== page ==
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Antonio Conte, welcome to Tottenham Hotspur
The man, the myth, the legend explored.
Now, I had initially planned to write about Xavi returning to Barcelona here, but that deal just won’t go through yet. If it happens soon, I’ll write about it as my next article for paid subscribers. But for now, you can read about Antonio Conte instead. Happy Diwali to all who celebrate, and I hope you enjoy the article.
What are Tottenham supposed to be at this point?
Readers of a certain age probably remember their cup runs and think of Spurs as a team that should be winning a lot more than they have. For me, Tottenham were a midtable club in my childhood, and it feels like they’re punching above their weight in doing what they’ve done. If you only started watching football recently, perhaps they appear as a big club in the middle of hard times.
Different contexts make it hard to really sense what success looks like. To me, at least, Mauricio Pochettino’s reign was a golden era for Spurs, pushing for the title and going all the way to the Champions League final. For others, it’s been a huge failure that Tottenham haven’t lifted a trophy since 2008. The thing is, at the time, everyone felt as though they had upset the odds by winning the League Cup, as a side outside the “big four”. Most neutrals viewed them as plucky underdogs against the might of Chelsea. This was Spurs’ first trophy in nine years, but I don’t remember hearing anything about a “drought” at the time.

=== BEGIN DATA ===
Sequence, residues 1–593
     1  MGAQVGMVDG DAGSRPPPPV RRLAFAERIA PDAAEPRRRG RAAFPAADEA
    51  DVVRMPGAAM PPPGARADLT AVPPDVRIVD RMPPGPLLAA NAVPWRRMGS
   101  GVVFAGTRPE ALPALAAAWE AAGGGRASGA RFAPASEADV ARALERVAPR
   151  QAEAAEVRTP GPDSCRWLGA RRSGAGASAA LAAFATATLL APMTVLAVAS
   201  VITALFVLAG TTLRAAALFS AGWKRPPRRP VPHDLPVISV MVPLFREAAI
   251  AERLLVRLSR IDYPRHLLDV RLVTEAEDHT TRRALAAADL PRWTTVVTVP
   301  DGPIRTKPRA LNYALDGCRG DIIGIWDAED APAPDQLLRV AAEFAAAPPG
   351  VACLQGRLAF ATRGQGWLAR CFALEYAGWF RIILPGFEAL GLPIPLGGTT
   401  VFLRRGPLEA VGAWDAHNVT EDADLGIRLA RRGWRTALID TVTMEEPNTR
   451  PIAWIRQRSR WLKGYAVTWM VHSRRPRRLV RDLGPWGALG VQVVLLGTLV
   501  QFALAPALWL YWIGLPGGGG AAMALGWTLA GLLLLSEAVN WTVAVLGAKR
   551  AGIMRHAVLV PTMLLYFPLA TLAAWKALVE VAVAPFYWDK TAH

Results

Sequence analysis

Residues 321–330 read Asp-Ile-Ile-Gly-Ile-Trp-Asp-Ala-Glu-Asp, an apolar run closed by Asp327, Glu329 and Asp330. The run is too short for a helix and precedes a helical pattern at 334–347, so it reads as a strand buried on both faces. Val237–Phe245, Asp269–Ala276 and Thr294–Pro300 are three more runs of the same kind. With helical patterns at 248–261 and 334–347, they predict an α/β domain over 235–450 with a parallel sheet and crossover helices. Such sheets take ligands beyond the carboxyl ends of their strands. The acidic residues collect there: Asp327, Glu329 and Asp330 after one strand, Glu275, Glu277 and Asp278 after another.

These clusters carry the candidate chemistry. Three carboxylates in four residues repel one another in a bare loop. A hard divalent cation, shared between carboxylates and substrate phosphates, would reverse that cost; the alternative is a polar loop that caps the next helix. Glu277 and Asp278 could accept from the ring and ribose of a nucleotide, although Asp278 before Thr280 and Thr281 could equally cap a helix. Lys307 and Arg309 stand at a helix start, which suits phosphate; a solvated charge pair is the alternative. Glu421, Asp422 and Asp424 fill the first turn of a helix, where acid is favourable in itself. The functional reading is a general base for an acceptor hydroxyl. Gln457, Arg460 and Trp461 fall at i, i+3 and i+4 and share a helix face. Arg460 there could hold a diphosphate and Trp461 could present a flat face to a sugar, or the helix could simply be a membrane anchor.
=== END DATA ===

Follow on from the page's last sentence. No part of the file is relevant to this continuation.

5000 days later, it’s considered a huge failure that they haven’t won anything. That, I suggest, is a backhanded compliment.
Chairman Daniel Levy has done it without any sort of underlying philosophy to speak of. He’s hired British managers and foreign managers, those who play attacking football and others who grind out results, sporting directors and manager-led recruitment, data analysis and old fashioned gut instinct. He’s tried everything. The only consistent thing is how frequently he changes strategy.
As much as it was the plan, the Pochettino approach was thus never going to permanently become part of the club’s DNA. Yes, Pochettino taught his players everything about his brand of press-and-possess football. Yes, in a better world, Spurs would have maintained this approach beyond his time in charge and had a much easier time swapping out managers. But it was never going to happen. The problem is the Pochettino era was never really replaced by anything.
Jose Mourinho was supposed to add a winning mentality to all the good football this team could play, but he didn’t add anything in terms of the approach in possession. As The Athletic reported, “there was nothing to replace the playing identity Pochettino had worked on for so long. The players found themselves relying on the same attacking moves he had taught them, long after he’d left the club”. Nuno Espirito Santo, from all we can see on the outside, was more of the same. Those patterns of play in possession had grown stale even by the time Pochettino was sacked. They since haven’t been updated in two years.
That will all change now. Conte will be very clear on exactly what he wants from his players, both with and without the ball. This is not a manager who will avoid hard tactical work in training just because the players might get bored. We know this because this isn’t the first time Conte replaced Mourinho after a brief interlude of another manager who wasn’t up to it. After Conte took charge of Chelsea in 2016/17, Eden Hazard was clear on his strengths over Mourinho. “We do more [tactical training] with Conte”, the Belgian explained1. “We know exactly what to do on the pitch, where I have to go, the defenders [know] where they have to go. With Mourinho it was just he put the system [in place], but we didn’t work a lot [on it]. We know what to do because we play football, but maybe the automatism was a little bit different.”